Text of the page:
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CFIB ranks best & worst property tax gaps in Saskatchewan Cities

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Martensville had lowest municipal property tax gap in 2015; Prince Albert the highest

Regina, November 15, 2016 – The Canadian Federation of Independent Business (CFIB) released its annual comparison of property tax gaps in Saskatchewan municipalities. On average, commercial property owners paid 2.23 times what residential property owners paid in municipal property taxes.

CFIB’s 9th annual edition of Wanted: Property Tax Fairness in Saskatchewan examines municipal and total property tax gaps for 75 municipalities and 31 Rural Municipalities (RMs) with populations of 1,000 or greater. The tax gap measures the ratio of commercial and residential property tax bills for properties assessed at a value of $200,000.

“This report should be required reading for all recently elected municipal leaders as they determine their 2017 operating budgets in the coming weeks,” said Marilyn Braun-Pollon, CFIB’s Vice-President, Prairie and Agri-Business. “We worry many municipalities may continue to hike property taxes to fund unsustainable spending, which will further erode small business optimism.”

A provincial tax gap of 2.23 means Saskatchewan commercial property owners paid, on average, $2.23 for every dollar in municipal property tax paid by homeowners. In Saskatchewan’s 15 cities, this amount ranged from $1.51 to $3.92, with an average of $2.39 (see Backgrounder).

Martensville had the lowest municipal property tax gap among Cities; Prince Albert the highest

The Good:

  • Martensville boasted the lowest municipal property tax gap of 1.51
  • Saskatoon had the lowest commercial municipal property tax bill of $1,782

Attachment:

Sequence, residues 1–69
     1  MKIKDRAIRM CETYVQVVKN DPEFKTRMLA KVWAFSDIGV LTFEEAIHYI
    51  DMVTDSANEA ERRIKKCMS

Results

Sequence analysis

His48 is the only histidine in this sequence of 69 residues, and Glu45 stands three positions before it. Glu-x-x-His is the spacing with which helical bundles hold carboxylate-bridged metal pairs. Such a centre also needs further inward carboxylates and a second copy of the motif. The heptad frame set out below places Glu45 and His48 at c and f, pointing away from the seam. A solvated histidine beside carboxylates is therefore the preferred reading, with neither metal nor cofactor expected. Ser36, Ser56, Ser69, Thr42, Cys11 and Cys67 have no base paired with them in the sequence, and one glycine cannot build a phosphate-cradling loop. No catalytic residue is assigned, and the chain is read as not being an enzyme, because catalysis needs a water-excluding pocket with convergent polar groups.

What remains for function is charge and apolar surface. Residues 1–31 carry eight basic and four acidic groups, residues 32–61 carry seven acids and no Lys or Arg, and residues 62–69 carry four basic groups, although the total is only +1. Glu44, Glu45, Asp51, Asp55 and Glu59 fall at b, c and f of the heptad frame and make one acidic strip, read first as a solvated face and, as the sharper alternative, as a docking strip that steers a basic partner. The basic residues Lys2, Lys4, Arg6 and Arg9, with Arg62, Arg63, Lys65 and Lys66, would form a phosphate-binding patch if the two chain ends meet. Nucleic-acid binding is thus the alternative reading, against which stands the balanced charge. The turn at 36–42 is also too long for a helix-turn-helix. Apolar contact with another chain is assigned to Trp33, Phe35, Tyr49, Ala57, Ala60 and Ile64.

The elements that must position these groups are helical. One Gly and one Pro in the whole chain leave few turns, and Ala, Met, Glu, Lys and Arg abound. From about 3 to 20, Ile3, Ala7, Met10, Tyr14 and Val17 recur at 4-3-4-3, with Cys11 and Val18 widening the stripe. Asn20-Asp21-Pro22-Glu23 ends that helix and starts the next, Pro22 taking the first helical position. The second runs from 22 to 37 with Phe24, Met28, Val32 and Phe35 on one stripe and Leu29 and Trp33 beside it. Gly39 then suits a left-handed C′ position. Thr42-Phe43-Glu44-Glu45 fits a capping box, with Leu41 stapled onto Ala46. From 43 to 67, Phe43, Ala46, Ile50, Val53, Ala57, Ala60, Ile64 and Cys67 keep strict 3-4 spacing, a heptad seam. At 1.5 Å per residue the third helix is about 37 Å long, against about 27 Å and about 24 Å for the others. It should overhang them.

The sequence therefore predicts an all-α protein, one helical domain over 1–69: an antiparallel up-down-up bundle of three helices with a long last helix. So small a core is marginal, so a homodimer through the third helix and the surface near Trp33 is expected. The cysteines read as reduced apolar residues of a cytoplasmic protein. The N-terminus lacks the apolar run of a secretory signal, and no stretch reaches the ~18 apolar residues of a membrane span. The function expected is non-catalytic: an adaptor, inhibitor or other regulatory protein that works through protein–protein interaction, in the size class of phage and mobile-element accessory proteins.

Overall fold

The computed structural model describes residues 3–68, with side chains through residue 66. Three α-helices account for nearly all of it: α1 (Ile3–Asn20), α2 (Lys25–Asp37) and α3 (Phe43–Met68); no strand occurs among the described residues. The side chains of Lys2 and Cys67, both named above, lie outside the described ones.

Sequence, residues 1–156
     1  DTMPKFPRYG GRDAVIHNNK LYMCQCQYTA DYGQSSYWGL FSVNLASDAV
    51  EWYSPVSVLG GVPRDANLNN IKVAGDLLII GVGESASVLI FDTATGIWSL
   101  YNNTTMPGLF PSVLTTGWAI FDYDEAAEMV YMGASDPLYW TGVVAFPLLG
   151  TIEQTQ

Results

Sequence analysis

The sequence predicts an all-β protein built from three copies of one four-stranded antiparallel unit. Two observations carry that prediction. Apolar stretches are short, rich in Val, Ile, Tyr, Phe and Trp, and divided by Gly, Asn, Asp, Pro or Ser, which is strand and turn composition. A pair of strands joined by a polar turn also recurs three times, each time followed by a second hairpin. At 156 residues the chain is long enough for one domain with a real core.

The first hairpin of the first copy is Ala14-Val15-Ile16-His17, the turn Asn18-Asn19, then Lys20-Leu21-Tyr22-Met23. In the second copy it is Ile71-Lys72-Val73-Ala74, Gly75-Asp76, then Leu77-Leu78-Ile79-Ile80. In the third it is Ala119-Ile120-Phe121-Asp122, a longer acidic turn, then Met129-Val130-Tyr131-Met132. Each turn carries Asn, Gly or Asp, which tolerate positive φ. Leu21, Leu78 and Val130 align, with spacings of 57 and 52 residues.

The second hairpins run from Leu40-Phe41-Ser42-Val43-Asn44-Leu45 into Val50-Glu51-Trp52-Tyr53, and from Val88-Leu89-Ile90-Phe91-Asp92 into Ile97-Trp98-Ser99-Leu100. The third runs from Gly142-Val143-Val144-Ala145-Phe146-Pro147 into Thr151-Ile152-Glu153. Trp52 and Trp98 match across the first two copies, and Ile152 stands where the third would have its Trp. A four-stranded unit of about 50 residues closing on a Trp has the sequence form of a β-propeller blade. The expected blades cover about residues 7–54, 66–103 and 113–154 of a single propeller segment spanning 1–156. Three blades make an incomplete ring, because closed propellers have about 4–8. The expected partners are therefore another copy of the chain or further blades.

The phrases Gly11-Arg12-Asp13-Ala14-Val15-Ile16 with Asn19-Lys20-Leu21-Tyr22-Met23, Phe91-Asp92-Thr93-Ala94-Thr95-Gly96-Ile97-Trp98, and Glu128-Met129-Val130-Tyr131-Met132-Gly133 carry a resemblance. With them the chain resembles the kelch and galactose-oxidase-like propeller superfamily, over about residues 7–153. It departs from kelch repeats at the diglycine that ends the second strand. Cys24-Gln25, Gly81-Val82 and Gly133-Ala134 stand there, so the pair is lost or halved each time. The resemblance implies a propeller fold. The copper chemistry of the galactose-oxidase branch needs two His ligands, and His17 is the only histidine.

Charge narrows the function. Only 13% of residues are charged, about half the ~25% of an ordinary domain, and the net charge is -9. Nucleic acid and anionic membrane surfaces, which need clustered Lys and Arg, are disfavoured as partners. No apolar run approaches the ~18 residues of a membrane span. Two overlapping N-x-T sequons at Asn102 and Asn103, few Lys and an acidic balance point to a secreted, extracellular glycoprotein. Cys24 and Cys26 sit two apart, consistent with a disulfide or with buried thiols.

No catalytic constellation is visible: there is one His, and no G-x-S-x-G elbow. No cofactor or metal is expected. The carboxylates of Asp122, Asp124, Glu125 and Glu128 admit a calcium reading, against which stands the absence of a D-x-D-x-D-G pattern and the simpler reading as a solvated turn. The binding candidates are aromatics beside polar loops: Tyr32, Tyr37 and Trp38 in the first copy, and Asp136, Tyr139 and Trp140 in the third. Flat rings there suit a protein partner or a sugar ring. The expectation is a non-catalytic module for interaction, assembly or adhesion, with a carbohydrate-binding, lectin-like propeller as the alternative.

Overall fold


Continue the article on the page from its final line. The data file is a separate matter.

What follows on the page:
The Bad: 

  • Prince Albert had the most unfair tax system with a municipal property tax gap of 3.92, and had the highest commercial property tax bill of $6,350

When provincial education property taxes are factored in, commercial property owners in Saskatchewan’s cities paid, on average, 2.38 times what residential property owners paid in property taxes.

“Some municipalities do a better job than others in making municipal property taxes fair for small businesses. However, many business owners continue to pay more than their fair share,” added Jennifer Henshaw, CFIB’s Policy Analyst for Saskatchewan and co-author of the report.

“While cities claim they have a ‘revenue problem’, the fact is they have received a 169 per cent increase in municipal revenue sharing from 2007-08 to 2016-17,” said Henshaw. “We believe cities need to work harder to further contain costs and address the inequities in their municipal property tax system.”

CFIB’s report outlines a series of recommendations for provincial and municipal governments to ensure the property tax system becomes more balanced over time.

To arrange an interview with Marilyn Braun-Pollon or Jennifer Henshaw, please call 306 757-0000, 1 888 234-2232, or email [email protected]  To read the full report go to CFIB’s Saskatchewan website: www.cfib.ca/sk  Follow us on Twitter: @cfibsk